What is an Arc Flash?

An arc flash is the light and heat produced from an electric arc.

When an uncontrolled electric arc forms at high voltages, and especially where large supply-wires or high-amperage conductors are used, arc flashes can produce deafening noises, supersonic concussive-forces, super-heated shrapnel, temperatures far greater than the Sun's surface, and intense, high-energy radiation capable of vaporizing nearby materials.

Arc flash temperatures can reach or exceed 19,400 °C at the arc terminals. The massive energy released in the fault rapidly vaporizes the metal conductors involved, blasting molten metal and expanding plasma outward with extraordinary force. A typical arc flash incident can be inconsequential but could conceivably easily produce a more severe explosion. The result of the violent event can cause destruction of equipment, fire, and injury not only to an electrical worker but also to bystanders. During an arc flash, electrical energy vaporizes the metal, which changes from solid state to gas vapour, expanding it with explosive force.

In addition to the explosive blast, called the arc blast, destruction also arises from the intense radiant heat produced by the arc. The metal plasma arc produces tremendous amounts of light energy from far infrared to ultraviolet. Surfaces of nearby objects, including people, absorb this energy and are instantly heated to vaporizing temperatures. The effects of this can be seen on adjacent walls and equipment - they are often ablated and eroded from the radiant effects.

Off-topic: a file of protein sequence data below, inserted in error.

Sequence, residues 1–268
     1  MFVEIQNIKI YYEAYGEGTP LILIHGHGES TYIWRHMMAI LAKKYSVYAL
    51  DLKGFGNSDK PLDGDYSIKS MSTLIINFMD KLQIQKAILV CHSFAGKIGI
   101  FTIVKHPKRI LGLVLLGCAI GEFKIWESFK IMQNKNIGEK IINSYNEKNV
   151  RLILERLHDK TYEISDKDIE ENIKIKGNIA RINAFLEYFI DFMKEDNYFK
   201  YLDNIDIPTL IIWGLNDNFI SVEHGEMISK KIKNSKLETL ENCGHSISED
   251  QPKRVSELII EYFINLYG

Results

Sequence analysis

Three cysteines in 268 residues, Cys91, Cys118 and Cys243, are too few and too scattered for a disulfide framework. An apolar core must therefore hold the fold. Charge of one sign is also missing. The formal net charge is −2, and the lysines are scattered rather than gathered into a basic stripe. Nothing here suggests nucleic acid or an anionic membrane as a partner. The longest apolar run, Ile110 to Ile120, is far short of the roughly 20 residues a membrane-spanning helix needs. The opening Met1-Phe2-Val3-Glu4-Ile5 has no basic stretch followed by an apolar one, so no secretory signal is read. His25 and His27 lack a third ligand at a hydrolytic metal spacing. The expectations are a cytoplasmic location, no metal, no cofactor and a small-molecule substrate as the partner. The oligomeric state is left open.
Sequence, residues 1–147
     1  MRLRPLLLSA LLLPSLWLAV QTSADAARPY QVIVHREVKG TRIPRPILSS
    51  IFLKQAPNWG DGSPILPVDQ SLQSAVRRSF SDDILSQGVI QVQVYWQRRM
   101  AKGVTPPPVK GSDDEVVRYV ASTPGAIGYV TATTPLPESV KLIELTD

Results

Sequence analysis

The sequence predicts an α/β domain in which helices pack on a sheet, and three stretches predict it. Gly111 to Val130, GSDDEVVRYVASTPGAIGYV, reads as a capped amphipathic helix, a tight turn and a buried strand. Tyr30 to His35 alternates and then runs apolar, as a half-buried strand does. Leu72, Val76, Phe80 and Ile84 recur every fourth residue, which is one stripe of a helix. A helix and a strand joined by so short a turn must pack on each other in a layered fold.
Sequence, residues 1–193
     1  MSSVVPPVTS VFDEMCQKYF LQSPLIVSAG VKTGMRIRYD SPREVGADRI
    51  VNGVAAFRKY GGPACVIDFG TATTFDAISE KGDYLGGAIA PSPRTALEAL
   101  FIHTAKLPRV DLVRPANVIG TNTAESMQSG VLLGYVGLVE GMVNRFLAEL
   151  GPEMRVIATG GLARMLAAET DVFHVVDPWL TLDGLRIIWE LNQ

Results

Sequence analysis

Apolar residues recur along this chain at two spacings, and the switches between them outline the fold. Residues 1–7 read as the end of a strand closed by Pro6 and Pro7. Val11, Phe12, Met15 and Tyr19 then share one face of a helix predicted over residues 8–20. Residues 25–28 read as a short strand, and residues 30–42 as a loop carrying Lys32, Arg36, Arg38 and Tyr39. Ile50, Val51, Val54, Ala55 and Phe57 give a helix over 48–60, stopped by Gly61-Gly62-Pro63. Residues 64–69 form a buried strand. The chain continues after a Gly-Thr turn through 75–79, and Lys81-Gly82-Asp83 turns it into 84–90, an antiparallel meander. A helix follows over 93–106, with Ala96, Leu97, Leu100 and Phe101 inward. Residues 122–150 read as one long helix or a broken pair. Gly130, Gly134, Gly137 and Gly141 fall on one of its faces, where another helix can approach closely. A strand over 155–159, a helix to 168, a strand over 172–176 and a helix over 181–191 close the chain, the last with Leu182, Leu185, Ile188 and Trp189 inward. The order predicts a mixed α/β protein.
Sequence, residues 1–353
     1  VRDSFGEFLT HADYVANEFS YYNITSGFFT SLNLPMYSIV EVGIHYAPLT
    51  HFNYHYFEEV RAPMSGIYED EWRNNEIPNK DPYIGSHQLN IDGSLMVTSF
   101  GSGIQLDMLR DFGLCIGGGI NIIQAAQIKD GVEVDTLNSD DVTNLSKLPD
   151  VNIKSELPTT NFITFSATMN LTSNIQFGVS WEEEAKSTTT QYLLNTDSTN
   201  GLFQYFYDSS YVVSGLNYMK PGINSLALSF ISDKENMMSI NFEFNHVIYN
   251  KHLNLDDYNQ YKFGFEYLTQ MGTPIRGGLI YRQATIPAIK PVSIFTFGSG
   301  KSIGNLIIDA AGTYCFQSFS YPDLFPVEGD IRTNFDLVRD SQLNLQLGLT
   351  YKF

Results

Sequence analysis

There are many methods of protecting personnel from arc flash hazards. This can include personnel wearing arc flash personal protective equipment (PPE) or modifying the design and configuration of electrical equipment. The best way to remove the hazards of an arc flash is to de-energize electrical equipment when interacting with it, however de-energizing electrical equipment is in and of itself an arc flash hazard. In this case, one of the newest solutions is to allow the operator to stand far back from the electrical equipment by operating equipment remotely, this is called remote racking.


Arc flash protection equipment

The materials used in Arc Flash PPE are tested for their arc rating. The arc rating is the maximum incident energy resistance demonstrated by a material prior to break open (a hole in the material) or necessary to pass through and cause with 50% probability the onset of a second degree burn. Arc rating is normally expressed in cal/cm² (or small calories of heat energy per square centimetre).

PPE provides protection after an arc flash incident has occurred and should be viewed as the last line of protection. Reducing the frequency and severity of incidents should be the first option and this can be achieved through a complete arc flash hazard assessment and through the application of technology such as high-resistance grounding which has been proven to reduce the frequency and severity of incidents